"Is it a marketing stunt? Sure," he says. "Is it sexy? Sure. I mean at the end of the day it's beer, which is great."

Staff at the Maine Public Utilities Commission say regulators should reject all bids received to provide new liquefied natural gas, or LNG, storage in the state. At the same time, Gov. Paul LePage is urging the Maine Public Utilities Commission to go ahead and sign a contract.

A biomass company at the center of a dispute over payments to loggers is now asking to change the terms of its state subsidy. The company says it wants to dispel the notion that taxpayers are getting a bad deal.

Fred Bever / Maine Public

After a dismal, nearly snowless winter last year, New England’s ski resorts are winding up a much better season. And some of its young ​athletes are having ​a pretty good​ run too. Fred Bever attended the U.S. Championships at Maine's Sugarloaf resort.

Bubblecuffer / Wikimedia Commons

For the first time in decades, the length of the U.S. ski season is shrinking. And as climate change curtails winter’s length, an industry transformation is under way: one expert says most ski mountains in southern New England could be out of business in 25 years unless they diversify their offerings. But ski areas in northern New England could benefit.

State regulators are asking a biomass electricity company to explain why it’s not paying loggers for fuel, even though it received a state subsidy for that purpose.

Last year Maine lawmakers and Gov. Paul LePage authorized state utility regulators to award biomass electricity companies more than $13 million to boost payments for power generated in Maine. The goal was to assist Maine’s beleaguered forest products industry in the wake of multiple mill closures.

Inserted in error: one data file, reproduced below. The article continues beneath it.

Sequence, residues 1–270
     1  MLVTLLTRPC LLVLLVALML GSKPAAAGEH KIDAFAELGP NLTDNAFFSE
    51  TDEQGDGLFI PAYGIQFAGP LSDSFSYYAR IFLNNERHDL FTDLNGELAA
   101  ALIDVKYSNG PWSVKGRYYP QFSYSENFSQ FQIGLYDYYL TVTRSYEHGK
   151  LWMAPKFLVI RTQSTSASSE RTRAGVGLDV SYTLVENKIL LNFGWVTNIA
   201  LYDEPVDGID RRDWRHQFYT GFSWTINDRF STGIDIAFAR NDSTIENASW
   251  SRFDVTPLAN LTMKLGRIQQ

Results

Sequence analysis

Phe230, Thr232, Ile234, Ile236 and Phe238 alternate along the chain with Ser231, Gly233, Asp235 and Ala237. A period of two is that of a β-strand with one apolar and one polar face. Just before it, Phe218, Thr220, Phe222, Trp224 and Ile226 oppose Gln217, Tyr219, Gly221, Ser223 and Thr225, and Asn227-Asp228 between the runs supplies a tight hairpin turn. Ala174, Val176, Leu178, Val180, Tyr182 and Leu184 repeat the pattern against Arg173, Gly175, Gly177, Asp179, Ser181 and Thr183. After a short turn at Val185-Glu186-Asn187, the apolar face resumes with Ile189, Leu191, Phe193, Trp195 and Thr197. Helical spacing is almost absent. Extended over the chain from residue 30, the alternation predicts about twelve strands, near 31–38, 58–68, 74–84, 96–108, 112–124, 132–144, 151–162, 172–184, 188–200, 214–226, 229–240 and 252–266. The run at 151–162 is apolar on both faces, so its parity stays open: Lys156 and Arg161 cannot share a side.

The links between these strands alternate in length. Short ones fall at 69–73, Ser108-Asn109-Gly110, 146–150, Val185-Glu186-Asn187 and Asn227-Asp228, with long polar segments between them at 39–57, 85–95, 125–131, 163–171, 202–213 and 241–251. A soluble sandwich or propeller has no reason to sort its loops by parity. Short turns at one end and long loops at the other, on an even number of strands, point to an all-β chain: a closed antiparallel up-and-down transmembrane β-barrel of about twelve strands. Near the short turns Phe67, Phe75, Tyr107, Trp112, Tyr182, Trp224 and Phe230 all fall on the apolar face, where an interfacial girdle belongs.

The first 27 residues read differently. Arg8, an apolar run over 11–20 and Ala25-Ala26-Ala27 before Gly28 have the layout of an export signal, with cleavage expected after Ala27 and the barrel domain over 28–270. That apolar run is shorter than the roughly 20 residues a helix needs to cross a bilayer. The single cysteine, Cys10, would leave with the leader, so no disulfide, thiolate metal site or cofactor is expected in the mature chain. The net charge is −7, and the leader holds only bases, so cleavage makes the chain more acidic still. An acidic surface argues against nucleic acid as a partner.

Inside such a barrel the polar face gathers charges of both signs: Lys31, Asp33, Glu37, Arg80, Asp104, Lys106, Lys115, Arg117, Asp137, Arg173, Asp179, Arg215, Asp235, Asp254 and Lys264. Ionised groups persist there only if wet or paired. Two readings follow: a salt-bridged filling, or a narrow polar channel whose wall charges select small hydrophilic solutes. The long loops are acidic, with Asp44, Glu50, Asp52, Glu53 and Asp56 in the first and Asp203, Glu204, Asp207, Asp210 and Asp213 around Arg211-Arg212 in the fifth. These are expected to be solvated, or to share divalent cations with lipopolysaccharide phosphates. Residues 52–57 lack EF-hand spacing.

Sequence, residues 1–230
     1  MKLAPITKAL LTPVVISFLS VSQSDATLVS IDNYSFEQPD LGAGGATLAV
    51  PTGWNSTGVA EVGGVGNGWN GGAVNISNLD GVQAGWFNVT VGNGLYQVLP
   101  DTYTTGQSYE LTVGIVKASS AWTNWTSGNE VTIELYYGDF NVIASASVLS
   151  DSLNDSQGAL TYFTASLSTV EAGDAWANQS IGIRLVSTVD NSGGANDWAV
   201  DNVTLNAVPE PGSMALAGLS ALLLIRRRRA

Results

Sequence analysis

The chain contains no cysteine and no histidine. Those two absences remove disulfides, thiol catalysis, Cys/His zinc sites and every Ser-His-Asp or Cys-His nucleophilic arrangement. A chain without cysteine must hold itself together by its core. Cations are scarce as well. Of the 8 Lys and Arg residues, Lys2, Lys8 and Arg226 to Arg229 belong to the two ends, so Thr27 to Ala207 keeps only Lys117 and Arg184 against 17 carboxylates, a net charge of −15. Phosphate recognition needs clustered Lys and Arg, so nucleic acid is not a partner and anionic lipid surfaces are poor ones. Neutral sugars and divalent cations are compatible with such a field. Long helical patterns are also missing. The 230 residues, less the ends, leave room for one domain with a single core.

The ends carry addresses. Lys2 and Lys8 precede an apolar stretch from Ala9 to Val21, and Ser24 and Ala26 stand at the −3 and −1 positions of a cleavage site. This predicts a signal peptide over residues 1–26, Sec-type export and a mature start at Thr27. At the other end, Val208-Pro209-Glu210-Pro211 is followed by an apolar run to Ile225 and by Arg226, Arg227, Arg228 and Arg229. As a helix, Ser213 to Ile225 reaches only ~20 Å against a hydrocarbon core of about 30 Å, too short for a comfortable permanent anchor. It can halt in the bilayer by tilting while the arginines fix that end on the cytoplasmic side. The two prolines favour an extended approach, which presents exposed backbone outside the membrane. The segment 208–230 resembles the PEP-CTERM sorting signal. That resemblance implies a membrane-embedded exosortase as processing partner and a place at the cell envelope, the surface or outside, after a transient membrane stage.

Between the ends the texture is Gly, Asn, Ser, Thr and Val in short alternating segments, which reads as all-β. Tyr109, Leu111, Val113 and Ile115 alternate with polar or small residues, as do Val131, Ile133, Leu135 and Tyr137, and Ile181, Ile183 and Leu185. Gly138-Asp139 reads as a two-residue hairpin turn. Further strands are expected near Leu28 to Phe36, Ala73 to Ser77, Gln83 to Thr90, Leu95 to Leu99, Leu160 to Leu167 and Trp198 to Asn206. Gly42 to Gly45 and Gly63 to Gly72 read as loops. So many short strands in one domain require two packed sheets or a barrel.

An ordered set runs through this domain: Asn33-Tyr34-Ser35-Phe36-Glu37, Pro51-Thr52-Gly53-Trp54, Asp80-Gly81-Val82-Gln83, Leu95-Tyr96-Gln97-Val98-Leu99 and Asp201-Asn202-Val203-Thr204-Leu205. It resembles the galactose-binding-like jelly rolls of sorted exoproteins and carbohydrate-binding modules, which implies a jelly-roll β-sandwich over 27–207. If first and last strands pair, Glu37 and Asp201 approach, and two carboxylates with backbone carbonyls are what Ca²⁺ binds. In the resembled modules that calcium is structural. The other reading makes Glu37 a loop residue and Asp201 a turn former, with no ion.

But loggers say one company that won a bid for the subsidy isn’t paying its debts.

A broad coalition of solar power businesses, environmental advocates and industrial energy users want state regulators to reconsider new rules for solar power adopted earlier this year. But the move may just be a prelude to litigation — or legislative action.

In January Maine’s Public Utilities Commission ordered a 15-year ramp-down of credits rooftop solar users can earn when they put excess electricity on the power grid, often called “net metering.”

Pat Wellenbach / Associated Press

Summer resorts around the nation are bracing for a tough season — not because the tourists won’t come, but because the workers might not. The reinstatement of a cap on visas for temporary workers has some in the hospitality industry predicting catastrophe.

Mal Leary / Maine Public/file

PORTLAND, Maine - Gov. Paul LePage apologized to an African-American Mainer Wednesday night for past remarks that identified people of color with drug-dealing in Maine, and suggesting that a civil rights leader should thank white people for advancing the cause.

PORTLAND, Maine - Maine Sen. Angus King is stepping up his criticism of the House Republicans' proposed health care reform bill.

On the Senate floor Wednesday, King said the House was moving the bill too quickly, without adequate review. King, an independent, says the measure would cost Maine's aging population more money and reduce benefits for many, while providing a tax break for the rich.

"The pattern is shift and shaft - shift the cost and shaft the people who need the coverage," King said.